“The determination we made today was to make sure that we control what amount we’d be spending at least in the event that we’re fortunate enough to bring those players back. We did not want to put ourselves in a position of having that determined by a third party without knowing what that figure would be. The arbitration time period falls in early February, so obviously as we attempt to put this team together, in Andy’s case and Bobby’s case, they made $16 million last year. It’s been tough in the past to try and deviate from previous years earnings in an arbitration setting. We wanted to be able to control the cost that we would allocate for every position on the club.
“Even though we wanted draft picks if we lost anybody, by offering arbitration we would lose out ability to determine a final cost. So by doing so, we chose to go a different direction, not offer arbitration and we’ll still stay engaged with the entire free agent market including those two players.”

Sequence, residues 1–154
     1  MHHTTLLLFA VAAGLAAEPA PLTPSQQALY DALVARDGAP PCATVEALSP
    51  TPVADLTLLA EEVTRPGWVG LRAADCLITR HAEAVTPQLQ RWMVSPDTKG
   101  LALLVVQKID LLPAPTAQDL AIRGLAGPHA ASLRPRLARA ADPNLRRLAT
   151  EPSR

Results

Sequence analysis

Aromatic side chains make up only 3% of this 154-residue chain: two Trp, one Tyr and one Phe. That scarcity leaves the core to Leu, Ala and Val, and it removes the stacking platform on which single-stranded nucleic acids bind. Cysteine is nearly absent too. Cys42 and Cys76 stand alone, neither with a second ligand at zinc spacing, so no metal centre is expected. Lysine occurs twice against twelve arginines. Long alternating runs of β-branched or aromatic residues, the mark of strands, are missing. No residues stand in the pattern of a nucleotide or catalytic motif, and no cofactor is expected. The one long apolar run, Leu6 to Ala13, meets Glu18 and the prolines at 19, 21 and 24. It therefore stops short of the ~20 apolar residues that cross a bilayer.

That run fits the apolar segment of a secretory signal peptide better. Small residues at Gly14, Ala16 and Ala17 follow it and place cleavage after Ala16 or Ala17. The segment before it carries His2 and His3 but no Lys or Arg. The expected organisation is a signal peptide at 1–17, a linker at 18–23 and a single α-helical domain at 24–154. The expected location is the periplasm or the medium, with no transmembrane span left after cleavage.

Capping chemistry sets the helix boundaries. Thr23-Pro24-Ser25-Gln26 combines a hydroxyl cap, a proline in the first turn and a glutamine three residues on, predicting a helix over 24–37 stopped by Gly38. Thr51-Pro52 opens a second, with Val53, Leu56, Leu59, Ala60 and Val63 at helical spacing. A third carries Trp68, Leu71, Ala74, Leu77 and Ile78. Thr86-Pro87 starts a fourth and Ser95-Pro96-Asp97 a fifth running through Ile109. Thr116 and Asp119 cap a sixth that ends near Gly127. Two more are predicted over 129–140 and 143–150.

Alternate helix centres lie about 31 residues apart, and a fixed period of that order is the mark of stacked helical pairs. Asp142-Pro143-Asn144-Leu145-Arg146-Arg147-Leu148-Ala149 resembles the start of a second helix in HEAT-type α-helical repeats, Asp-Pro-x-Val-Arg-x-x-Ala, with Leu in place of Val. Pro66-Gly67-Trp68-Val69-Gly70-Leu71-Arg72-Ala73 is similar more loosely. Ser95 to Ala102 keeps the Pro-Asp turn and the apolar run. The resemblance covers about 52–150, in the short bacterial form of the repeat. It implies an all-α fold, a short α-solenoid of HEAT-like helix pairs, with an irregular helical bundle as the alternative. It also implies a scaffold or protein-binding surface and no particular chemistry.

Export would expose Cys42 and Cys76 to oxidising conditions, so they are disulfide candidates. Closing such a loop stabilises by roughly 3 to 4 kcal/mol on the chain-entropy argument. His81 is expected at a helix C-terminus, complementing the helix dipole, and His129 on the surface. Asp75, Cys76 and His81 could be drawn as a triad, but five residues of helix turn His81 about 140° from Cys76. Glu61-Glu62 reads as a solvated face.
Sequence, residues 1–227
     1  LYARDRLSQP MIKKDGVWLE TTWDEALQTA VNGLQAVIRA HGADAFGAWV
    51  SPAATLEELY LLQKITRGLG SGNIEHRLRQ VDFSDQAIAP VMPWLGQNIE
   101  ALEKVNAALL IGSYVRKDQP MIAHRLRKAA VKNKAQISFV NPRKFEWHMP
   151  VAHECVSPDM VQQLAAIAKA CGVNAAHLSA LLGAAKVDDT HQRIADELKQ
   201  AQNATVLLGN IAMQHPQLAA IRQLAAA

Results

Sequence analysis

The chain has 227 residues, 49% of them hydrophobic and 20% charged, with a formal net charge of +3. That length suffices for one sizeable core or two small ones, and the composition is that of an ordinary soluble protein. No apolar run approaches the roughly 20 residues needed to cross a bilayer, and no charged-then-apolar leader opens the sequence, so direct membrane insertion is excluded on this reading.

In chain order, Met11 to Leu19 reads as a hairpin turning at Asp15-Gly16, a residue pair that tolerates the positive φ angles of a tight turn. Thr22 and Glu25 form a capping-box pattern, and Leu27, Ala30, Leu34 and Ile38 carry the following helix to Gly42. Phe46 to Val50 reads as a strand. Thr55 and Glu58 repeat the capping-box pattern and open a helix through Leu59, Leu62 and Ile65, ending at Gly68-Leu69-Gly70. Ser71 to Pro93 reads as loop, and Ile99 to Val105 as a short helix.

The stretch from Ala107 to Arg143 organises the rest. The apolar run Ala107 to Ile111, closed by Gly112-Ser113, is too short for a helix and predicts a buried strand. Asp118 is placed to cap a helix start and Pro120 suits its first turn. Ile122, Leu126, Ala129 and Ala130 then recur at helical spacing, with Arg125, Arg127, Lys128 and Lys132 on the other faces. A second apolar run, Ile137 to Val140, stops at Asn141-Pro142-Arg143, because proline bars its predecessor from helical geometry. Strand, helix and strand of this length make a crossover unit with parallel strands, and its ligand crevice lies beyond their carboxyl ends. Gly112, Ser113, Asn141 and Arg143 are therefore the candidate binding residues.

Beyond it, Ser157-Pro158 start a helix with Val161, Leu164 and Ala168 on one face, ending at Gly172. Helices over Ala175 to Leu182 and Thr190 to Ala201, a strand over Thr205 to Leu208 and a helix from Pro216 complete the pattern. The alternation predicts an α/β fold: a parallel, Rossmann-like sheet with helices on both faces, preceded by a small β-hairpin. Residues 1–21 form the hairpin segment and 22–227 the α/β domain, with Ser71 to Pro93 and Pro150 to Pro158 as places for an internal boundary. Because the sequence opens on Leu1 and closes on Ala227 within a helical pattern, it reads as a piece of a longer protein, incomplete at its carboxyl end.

Or as the honorable Judge Elihu Smails would put it, “You’ll get nothing and like it.”
The Yankees are acting a little small-market here. I can understand not wanting to bring Pettitte back at $16 million. But would a year of Abreu at $16 million or even $17 million be so awful?
They’re showing a lot of faith in Xavier Nady and Hideki Matsui – unless Cashman has something else in mind.